Despite the efforts of Governor Tony Evers and Wisconsin Democrats to end school choice, the evidence continues to build on the positive effects of the program. The most recent evidence in a new study from the Urban Institute is arguably some of the most important so far. 

Using rigorous research methods, the study found that students in Milwaukee’s school choice program are more likely to enroll in, and graduate from, four year colleges. 

This study is a follow-on to the School Choice Demonstration Project that was commissioned by the state of Wisconsin in the mid 2000s. Researchers from the University of Arkansas tracked the progress of students in the Milwaukee Parental Choice Program (MPCP) along with a matched sample of students in traditional public schools. The matching method used here allows for the best measure of the true effect of an intervention outside of lotteries, which didn’t occur in Milwaukee.

There are two sets of results in the study, one for students that were in 9th grade at baseline and one for students who were in 3rd through 8th grade. Among 9th graders, effects were found on enrollment but not on graduation. Among 3rd through 8th graders, the study also found an effect on enrollment. They find that 50 percent of MPCP students in this group enrolled in college compared to 45 percent of Milwaukee Public Schools students. This difference was statistically significant.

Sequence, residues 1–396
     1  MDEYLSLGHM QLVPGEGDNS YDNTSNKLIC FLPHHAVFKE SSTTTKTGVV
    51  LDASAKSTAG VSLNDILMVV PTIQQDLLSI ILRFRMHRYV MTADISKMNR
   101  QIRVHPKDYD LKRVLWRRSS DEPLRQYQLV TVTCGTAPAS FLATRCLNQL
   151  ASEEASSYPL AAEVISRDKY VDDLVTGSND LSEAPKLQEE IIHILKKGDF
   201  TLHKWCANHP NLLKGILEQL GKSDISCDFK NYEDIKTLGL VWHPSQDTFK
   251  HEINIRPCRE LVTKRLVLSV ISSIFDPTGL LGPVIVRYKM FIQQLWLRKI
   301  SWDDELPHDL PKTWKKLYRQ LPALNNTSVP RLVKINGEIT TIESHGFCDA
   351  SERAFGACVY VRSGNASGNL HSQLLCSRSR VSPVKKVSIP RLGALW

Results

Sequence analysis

The most compelling finding, however, is when the researchers examined college graduation. By April of 2019 when the data was collected, 11 percent of MPCP students in their sample had graduated from a four-year college, compared with 8 percent of students in the public school control group. In other words, MPCP students were 38 percent more likely to graduate from four-year colleges than their public school peers. 

Last year’s version of this study found that students in the MPCP were more likely to enroll in college, but not to graduate. It appears that an additional year of data has had a dramatic effect on the findings. 

This study adds to a growing amount of research showing positive life effects of the voucher program. Research has found that Milwaukee’s choice students are less likely to become involved in criminal activity, and less likely to become involved in paternity lawsuits if they attend a school in the MPCP. 

College graduation may correlate to some of these other positive findings, as research has found that college graduates tend to have higher income, job satisfaction, better health, and personal satisfaction. The bottom line is that school choice doesn’t just expose kids to different schools, it appears to be exposing them to better schools on average. 

The governor and his allies, quite simply, do not like the evidence that school choice is leading to better outcomes for students. When the governor talks about ending school choice, it is vital that policymakers defending the program come armed with evidence like that presented in the Urban Institute study.

School choice is a doorway to new opportunities for some of Wisconsin’s kids that are in most need of help, and school choice supporters must never allow the governor to slam it shut. 

Will Flanders is the Research Director at the Wisconsin Institute for Law & Liberty.